The Politics of White-Collar Crime and Corruption in Trinidad and Tobago: Is It Convenient Political Mechanism For Flourshing State Enterprises

By FRED LIVERMORE

All of the daily media had a field day with the re­cent announcement of the arrests of former Attorney General, Anand Ramlogan and recently resigned UNC Sena­tor, Gerard Ramdeen, on alle­gations (relative to white collar criminality) of conspiracy to de­fraud the Government of Trini­dad and Tobago.

This revelation comes at a time when this twin-island republic is absolutely tired of the daily menu and diet of human suffering and of brutal, fiendish destruction of hu­man life.

Every day testifies to the increase of insanity, murder, and suicide. Who can doubt that satanic agen­cies are at work among men with increasing activity to distract and corrupt the mind, and defile and destroy the body? Have not greed and ambition and love of pleasure as strong a hold on men’s hearts?

State of Affairs

Truly, citizens of Trinidad and Tobago are living in the midst of an “epidemic of crime,” at which thoughtful, God-fearing men ev­erywhere stand aghast.

The corruption that prevails, it is beyond the power of the human pen to describe. Every day brings fresh revelations of political strife, bribery, and fraud. Every day brings its heart-sickening record of violence and lawlessness, of in­difference to one another.
Where do the solutions lie? Is it in human flesh? Is it in institutions that are currently failing the coun­try? Is something wrong with the oath taken when assuming politi­cal office? Has public trust taken a nose dive and fallen at an alarm­ing low level? Is there a history of bribery and corruption by political administrations since the country attained independence?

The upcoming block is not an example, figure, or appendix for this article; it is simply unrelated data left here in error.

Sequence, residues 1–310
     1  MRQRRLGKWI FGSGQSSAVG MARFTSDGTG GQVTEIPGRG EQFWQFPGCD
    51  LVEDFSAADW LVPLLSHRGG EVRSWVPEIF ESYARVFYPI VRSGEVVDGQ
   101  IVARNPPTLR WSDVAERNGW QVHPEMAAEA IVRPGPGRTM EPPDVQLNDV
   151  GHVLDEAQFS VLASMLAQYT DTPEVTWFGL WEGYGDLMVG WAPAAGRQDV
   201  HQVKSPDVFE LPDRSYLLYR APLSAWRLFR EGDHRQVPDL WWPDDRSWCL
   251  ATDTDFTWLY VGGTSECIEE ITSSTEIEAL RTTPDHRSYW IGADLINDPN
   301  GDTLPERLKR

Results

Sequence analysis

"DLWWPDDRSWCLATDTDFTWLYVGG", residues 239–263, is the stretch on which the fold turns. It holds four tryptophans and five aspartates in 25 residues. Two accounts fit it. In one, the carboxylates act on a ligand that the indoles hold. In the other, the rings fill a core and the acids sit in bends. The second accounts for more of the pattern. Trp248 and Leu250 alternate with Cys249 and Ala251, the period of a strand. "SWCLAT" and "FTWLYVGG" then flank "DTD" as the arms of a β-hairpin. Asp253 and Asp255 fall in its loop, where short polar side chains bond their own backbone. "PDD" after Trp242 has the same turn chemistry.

Can the two main political parties claim innocence and be exempted from corruption when in office? Sadly, the truth is that white-collar criminality, bribery, corruption and money laundering have grown progressively worse under these administrations and in more subtle and sophisticated ways.

As a political party, and one that held the reins of governance for more than forty years, the Peo­ple’s National Movement (PNM) can never hold itself out as a stel­lar example on transparency, ac­countability and integrity or as a paragon of virtue.

Rather in its machinery and sinews of operation, working with mysterious secrecy and con­summate craft, a compendium of national disgrace, shame, humili­ation and embarrassment eventu­ally emerge in national inquiries and probes and commissions like the Gene Miles fiasco and the Gas Station affair, the Johnny O Hol­laran massive money laundering inferno, Sam Wallace the Caroni Race Track scandal, and too many others to mention.

Throughout their tenure of of­fice, the PNM has left an undoubt­ed legacy of corruption scandals, whilst the money and the politi­cians run freely. That is the nature of the beast of politics. As former Prime Minister, Basdeo Panday stated, “politics has a morality of its own”, or better yet, its own ten commandments predicated on the adulation of power, position, and worship of the Almighty dollar. The carnal nature of man is also governed by the lusts of the eyes, pride of life and the lusts of the flesh. Who can deny that fact?

Looking at White Collar Crimes

But what is white collar crime? Internationally renowned Sociolo­gist Edwin Sutherland reportedly coined the phrase “white-collar crime” in 1939 to describe frauds committed by business and gov­ernment professionals.

These crimes are characterized by deceit, concealment, or viola­tion of trust for financial gain in­cluding obtaining or avoiding the loss of money, property, or ser­vices or to secure a personal or business advantage. These are not victimless crimes.